I typed this from memory and immediately questioned it myself. The actual numbers are that steel-consuming industries account for 10 times the GDP of the steel industry and over 50 times the workers. Equating jobs protected to jobs lost is hard to do, but it surely wouldn’t be as much as the 10-to-1 GDP since the consuming industries provide value add over the steel. A better guess, considering the high rents steelworkers make, would be closer to 2-to-1.

  15. how dreary/lefiti,

    You have to type the entire metaphor/strawman. Not just the hilarious retarded part. It just won’t stand alone.

  16. Now cue BakedPenguin to make a Teh AWESome comic strip about lefiti again.

  17. MikeP,

    It escapes me as well. I do remember from my memory that every job saved in the steel industry costs cosumers/taxpayers roughly $200k per worker.

  18. We should encourage this type of talk on the part of the E.U.

    Then when they try to prevent Africans selling food in France so that French farmers can keep their captive markets, we can beat them over the head with their words.

  19. Then when they try to prevent Africans selling food in France so that French farmers can keep their captive markets, we can beat them over the head with their words.

    Hypocrisy in trade disputes is hardly novel. See: US-Canada relations.

  20. Basic economics strongly concludes that protectionism hurts the economy far more than it helps it.

    That’s because economics assumes that he who dies with the biggest GDP wins. Does is occur to you that people may place value on other things besides accruing an ever-larger GDP?

  21. “That’s because economics assumes that he who dies with the biggest GDP wins. Does is occur to you that people may place value on other things besides accruing an ever-larger GDP?”

    Who? Nevermind. We live in a democracy, my vote cancels out yours! BOO-YA!

  22. Oh. That’s right. Lefiti only believes in democracy when it suits his desires.

  23. Let me tell you about the secret of natural GDP enhancement…

  24. I always just assumed they were porn stars . . . the more you know, I guess.

  25. . . . the more you know, I guess.

    PSA, plz! It’s for Teh Childrenz, after all.

  26. *takes mental note of Dagny’s advice*

    Thanks Dagny.

  27. That’s because economics assumes that he who dies with the biggest GDP wins. Does is occur to you that people may place value on other things besides accruing an ever-larger GDP?

    Since the argument that protectionism is a net loss for an economy is not based on GDP but on what people want to consume, it escapes me why you bring up GDP.

    If your point is that people should not be free to consume what they wish to consume, but rather should be directed by the state to consume those things the state thinks should be produced — and thereby achieve some sort of spiritual, cultural, nationalist, or proletarian epiphany — then let’s just say that we differ.

  28. If goods do not cross borders, armies will

  29. What affenkopf says…

  30. What exactly makes Brussels ‘subsidy-crazed’? Like the US, the EU subsidizes agriculture, but off the top of my head I can’t think of any industries that get the kind of favorable treatment required by the Senate stimulus bill. Maybe Moynihan would enlighten us.

  31. “I’m not sure what is wrong with the government, if it is going to spend money anyway, doing the same thing, supporting providers of goods and services that you want to see succeed.” – MNG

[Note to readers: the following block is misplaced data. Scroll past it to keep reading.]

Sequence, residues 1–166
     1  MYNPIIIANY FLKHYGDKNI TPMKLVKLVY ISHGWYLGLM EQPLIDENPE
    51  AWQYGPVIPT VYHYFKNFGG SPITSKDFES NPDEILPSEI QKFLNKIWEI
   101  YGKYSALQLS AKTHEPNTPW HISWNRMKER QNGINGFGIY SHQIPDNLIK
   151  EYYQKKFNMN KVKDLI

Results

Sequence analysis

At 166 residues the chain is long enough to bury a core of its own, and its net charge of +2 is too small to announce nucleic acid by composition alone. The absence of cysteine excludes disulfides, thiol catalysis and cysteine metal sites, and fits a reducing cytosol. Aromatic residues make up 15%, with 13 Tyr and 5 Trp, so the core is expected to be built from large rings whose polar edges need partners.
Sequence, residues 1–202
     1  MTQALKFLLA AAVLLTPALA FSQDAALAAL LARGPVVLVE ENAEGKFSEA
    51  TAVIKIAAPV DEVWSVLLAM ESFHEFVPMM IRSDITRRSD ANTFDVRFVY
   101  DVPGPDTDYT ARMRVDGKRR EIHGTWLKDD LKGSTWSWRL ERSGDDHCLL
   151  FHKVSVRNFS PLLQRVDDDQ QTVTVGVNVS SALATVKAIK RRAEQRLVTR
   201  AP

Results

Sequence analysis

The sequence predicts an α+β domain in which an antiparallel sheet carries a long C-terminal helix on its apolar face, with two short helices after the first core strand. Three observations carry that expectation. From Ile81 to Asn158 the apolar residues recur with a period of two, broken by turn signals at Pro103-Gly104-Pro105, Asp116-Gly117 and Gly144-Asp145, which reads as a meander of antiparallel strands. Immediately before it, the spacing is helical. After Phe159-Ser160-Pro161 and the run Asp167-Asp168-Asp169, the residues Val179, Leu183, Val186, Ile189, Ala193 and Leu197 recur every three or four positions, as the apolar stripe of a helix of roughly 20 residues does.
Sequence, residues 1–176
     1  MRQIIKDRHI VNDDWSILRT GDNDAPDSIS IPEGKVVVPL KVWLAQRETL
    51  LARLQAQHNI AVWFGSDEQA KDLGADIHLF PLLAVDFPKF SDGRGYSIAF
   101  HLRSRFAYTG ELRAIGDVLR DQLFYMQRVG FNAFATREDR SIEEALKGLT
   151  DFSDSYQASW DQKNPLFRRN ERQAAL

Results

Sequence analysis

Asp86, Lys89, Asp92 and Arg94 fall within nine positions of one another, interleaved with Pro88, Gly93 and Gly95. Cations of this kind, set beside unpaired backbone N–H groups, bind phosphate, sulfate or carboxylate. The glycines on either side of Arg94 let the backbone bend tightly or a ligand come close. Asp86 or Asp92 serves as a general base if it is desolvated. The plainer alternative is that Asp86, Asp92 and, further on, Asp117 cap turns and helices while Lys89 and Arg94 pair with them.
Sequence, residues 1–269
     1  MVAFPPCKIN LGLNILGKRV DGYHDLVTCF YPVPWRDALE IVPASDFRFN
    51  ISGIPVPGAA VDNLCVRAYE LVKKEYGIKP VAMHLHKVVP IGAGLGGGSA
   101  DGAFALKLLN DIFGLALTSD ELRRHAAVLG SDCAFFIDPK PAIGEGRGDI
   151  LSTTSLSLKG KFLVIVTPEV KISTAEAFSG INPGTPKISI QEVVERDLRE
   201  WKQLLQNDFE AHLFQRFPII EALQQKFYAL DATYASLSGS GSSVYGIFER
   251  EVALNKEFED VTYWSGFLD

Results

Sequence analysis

In a nutshell:
    1. It costs more for the government to do so. While you can spend your money anyway you want to, the government is spending other people’s money. It should be more cost-conscious than you.

    2. That kind of policy potentially hurts more American jobs than it helps. Contrary to populist rhetoric, the USA does sell a lot of goods to other countries. A protectionist policy might start a trade war. You are unlikely going to face economic sanctions for pursuing your organic egg buying policy.

    MNG, it might behoove you to read the arguments in the orginal post before posting a response to it.

  32. “Decision making by the government is notoriously political.”

    Well of course, but so my point is that many consumers act this way (they won’t buy certain coffee because they don’t like it’s labor policy, or certain gas because it’s connected to a socialist thug, etc). And often this means promoting “inefficiency” in the strictest economic sense (i.e. when I buy more expensive free range eggs I could be buying eggs produced much cheaper and hence more productively). Does someone want to make the argument that me buying free range eggs or my friend purposely buying more expensive Exxon gas rather than Chavez’s Citgo gas is a bad thing because it “promotes inefficiency?” Certainly there are values other than economic efficiency that it is OK for me to think of when I buy goods and services.

    “MNG, it might behoove you to read the arguments in the orginal post before posting a response to it.”

    If you mean because the E.U. may retaliate then duh, I was making another point, but even if we think about that it could just as well be an argument that our treaty with them is screwy.

  33. MNG, you and your friend are using your own morals or whatever to buy what you want. It is not forced upon you. That is the point.

  34. Certainly there are values other than economic efficiency that it is OK for me to think of when I buy goods and services.

    Economic efficiency is not the same thing as, e.g., energy efficiency. Economic efficiency measures the cost to the economy as a whole to satisfy the demands of its consumers. Those demands are determined by the consumers’ values, and if those values include supporting local free range chickens or not supporting Chavez, then satisfying those demands is not in and of itself inefficient.

    And when I pointed out that government’s picking favorites for protection is even more inefficient than apolitical protectionism, that is because every dollar spent lobbying government to get protectionist legislation is a dollar lost to the economy. That is an inefficiency above and beyond the inefficiency of prohibiting people from buying what they want to buy that is at the core of protectionism.

  35. I bet it would help if we installed big concrete walls around our borders, just to check goods going in and out.

    And don’t forget the mines. Lots of mines…Or mimes. Mimes would be good, too.

  36. I bet it would help if we installed big concrete walls around our borders, just to check goods going in and out.

    And think of the economic stimulus!